John McNulty withdraws from Seanad byelection race as Taoiseach says he let standards slip

Taoiseach says he let standards slip and it’s not worth winning a seat in such circumstances

Taoiseach Enda Kenny has confirmed Fine Gael’s Seanad byelection candidate John McNulty has effectively withdrawn from the race.

Mr Kenny told the Dáil this afternoon Mr McNulty had requested that Oireachtas members not vote for him in the byelection on October 10th.

“My own standards were let slip and my own sense of integrity and trust did not measure up’’ in the Seanad byelection controversy, the Taoiseach said.

He said he deemed Mr McNulty to be of “first class credentials, of good character, who would make an excellent representative’’.


Mr Kenny said he accepted responsibility for “taking my eye off the situation when I should have been more diligent about seeing it through’’.

Mr McNulty’s appointment to the board of the Irish Museum of Modern Art ahead of his selection to contest the Cultural and Education Panel of the Seanad saw the Government accused of stroke politics.

Mr McNulty said today he was withdrawing from the byelection race as his participation in the contest would be a “distraction” from the work the Government is doing.

Last Friday, Mr Kenny admitted the temporary appointment to Imma of Mr McNulty - a board member for only 13 days before stepping down- should not have occurred and he undertook that it would never happen again.

The Taoiseach today said he accepted responsibility for the controversy what had happened was beneath the standard expected of him and of Fine Gael.

“This seat should not be accepted in those circumstances,” he told the Dáil.

Mr McNulty, who lives in Kilcar in Co Donegal and manages a shop, was listed as a member of the Imma board on the Seanad byelection ballot paper. The election cannot be stopped at this stage and Mr McNulty’s name cannot be withdrawn.

“I am taking this decision because I believe that to contest the election would be an ongoing distraction from the critical work of Government which is to secure Ireland’s recovery through job creation and increased investment,” Mr McNulty said in a statement. “I believe the Government’s economic plan is working and the country is now moving in the right direction. This is what all members of Government should be focussed on at all times.”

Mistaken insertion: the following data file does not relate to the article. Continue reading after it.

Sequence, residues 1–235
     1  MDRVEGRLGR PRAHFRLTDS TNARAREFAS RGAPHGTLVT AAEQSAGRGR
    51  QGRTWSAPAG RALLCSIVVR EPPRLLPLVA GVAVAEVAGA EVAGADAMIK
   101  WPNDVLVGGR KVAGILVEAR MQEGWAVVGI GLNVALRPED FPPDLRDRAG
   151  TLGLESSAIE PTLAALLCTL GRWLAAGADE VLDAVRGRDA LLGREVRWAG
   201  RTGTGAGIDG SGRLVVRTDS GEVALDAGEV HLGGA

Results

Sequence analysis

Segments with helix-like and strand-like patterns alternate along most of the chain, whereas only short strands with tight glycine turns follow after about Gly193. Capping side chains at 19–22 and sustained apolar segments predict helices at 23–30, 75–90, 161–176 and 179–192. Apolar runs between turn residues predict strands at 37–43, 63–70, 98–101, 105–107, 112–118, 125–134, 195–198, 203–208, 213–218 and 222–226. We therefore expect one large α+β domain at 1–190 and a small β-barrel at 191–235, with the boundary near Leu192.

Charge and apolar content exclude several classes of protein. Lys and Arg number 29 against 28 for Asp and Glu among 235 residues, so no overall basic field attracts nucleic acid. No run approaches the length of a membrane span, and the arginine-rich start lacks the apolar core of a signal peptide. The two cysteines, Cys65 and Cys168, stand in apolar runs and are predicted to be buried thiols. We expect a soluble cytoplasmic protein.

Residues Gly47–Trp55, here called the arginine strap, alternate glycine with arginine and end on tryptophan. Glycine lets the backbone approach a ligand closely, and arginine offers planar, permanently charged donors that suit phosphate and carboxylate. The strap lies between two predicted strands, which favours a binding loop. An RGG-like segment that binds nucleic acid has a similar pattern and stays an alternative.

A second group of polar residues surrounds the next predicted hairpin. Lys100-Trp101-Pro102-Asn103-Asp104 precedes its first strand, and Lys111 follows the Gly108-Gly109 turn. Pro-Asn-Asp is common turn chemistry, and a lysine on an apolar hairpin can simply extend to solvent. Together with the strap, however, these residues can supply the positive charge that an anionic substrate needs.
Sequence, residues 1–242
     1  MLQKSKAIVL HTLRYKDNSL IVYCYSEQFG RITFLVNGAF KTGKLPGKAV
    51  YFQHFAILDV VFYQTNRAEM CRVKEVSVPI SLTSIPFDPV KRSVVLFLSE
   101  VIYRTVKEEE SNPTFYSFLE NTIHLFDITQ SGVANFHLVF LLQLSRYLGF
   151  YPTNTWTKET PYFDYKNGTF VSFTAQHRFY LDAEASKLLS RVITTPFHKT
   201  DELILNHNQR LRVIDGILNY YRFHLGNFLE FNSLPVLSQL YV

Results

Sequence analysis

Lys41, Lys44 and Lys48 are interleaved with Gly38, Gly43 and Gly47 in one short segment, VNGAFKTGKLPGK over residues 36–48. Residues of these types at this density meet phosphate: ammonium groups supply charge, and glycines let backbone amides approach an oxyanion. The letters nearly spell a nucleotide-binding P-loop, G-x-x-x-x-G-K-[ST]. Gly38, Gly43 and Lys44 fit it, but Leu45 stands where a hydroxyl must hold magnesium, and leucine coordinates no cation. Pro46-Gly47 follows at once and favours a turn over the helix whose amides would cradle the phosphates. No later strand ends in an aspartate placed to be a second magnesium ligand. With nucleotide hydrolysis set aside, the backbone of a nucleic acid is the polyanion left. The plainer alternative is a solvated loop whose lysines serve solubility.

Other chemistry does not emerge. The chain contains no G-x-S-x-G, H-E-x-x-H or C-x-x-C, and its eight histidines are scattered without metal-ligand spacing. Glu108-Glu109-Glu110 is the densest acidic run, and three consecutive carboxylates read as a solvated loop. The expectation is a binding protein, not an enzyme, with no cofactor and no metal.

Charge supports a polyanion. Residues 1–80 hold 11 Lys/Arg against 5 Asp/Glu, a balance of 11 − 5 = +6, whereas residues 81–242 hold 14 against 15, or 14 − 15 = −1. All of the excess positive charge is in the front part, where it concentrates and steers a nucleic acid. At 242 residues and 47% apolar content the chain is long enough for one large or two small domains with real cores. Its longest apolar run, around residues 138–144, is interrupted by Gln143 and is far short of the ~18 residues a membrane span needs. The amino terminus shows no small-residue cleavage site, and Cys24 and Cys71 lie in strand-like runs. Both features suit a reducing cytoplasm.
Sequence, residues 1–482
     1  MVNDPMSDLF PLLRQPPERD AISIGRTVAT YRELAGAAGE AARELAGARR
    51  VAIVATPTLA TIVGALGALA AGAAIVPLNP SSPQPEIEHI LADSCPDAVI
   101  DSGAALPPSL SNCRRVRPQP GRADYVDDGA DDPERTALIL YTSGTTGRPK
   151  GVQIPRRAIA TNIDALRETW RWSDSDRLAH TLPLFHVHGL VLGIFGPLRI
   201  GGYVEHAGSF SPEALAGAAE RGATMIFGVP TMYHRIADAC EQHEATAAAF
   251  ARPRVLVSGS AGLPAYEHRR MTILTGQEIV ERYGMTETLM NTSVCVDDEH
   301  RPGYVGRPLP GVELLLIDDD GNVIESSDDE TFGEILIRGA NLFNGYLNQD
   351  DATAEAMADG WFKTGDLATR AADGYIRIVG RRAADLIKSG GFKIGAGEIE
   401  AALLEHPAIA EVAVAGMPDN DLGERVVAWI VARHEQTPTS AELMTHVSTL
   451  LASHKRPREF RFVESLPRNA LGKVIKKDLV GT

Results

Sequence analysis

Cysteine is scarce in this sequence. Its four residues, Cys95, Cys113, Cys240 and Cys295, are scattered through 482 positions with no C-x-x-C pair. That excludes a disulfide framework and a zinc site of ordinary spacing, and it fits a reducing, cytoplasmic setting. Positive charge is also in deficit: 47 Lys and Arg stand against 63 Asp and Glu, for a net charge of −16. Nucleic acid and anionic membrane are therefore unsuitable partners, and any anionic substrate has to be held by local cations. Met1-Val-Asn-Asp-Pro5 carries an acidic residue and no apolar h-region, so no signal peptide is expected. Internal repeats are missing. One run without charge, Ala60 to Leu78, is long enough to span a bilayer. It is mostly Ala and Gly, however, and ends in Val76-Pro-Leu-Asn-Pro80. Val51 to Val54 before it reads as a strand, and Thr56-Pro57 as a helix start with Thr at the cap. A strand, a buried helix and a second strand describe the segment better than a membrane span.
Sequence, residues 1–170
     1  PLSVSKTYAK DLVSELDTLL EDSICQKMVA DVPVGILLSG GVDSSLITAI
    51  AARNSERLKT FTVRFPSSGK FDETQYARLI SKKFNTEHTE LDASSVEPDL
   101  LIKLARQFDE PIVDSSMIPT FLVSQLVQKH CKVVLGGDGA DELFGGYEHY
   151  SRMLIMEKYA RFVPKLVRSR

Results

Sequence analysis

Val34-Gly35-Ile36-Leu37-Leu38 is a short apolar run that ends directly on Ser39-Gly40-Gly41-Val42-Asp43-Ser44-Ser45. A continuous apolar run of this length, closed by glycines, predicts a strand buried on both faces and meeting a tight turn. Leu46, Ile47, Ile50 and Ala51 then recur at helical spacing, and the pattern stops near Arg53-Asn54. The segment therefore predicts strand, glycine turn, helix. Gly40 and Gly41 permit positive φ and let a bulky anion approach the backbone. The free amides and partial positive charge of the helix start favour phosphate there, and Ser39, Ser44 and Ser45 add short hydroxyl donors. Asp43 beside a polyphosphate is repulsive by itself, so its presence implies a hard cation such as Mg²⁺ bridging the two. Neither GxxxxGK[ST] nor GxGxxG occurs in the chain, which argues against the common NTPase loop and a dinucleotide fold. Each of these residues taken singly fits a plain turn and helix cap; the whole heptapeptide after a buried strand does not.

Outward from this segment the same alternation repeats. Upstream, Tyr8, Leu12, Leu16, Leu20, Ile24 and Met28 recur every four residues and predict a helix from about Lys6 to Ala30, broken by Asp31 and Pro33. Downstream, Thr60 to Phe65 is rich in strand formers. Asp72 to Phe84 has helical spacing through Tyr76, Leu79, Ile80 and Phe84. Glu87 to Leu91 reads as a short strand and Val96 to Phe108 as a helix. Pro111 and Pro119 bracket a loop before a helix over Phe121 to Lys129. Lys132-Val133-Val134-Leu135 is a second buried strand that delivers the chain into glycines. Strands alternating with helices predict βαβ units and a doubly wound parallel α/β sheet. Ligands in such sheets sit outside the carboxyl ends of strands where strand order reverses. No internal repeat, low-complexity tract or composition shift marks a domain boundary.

Mr McNulty said he had informed Mr Kenny he was withdrawing his name and said he would “like to thank the many members of the Oireachtas who already expressed their support for me”.

He added: “It was my hope, if elected, to support the Government’s work in this regard as a member of the Oireachtas and now it is my intention to seek a party nomination to contest the next General Election.”

Speaking on Highland Radio this evening, he said it was his own decision to draw back from the race and that he was not pushed.

Hs said he was “bitterly disappointed for the people in Donegal and people in the Oireachtas. I feel that it has gone too far and the national media are not just letting go”.

The vacancy in the Seanad arises following the election of Fine Gael’s Deirdre Clune to the European Parliament in May.

Former Teacher’s Union of Ireland president Gerard Craughwell and Sinn Féin councillor Catherine Seeley are also contesting.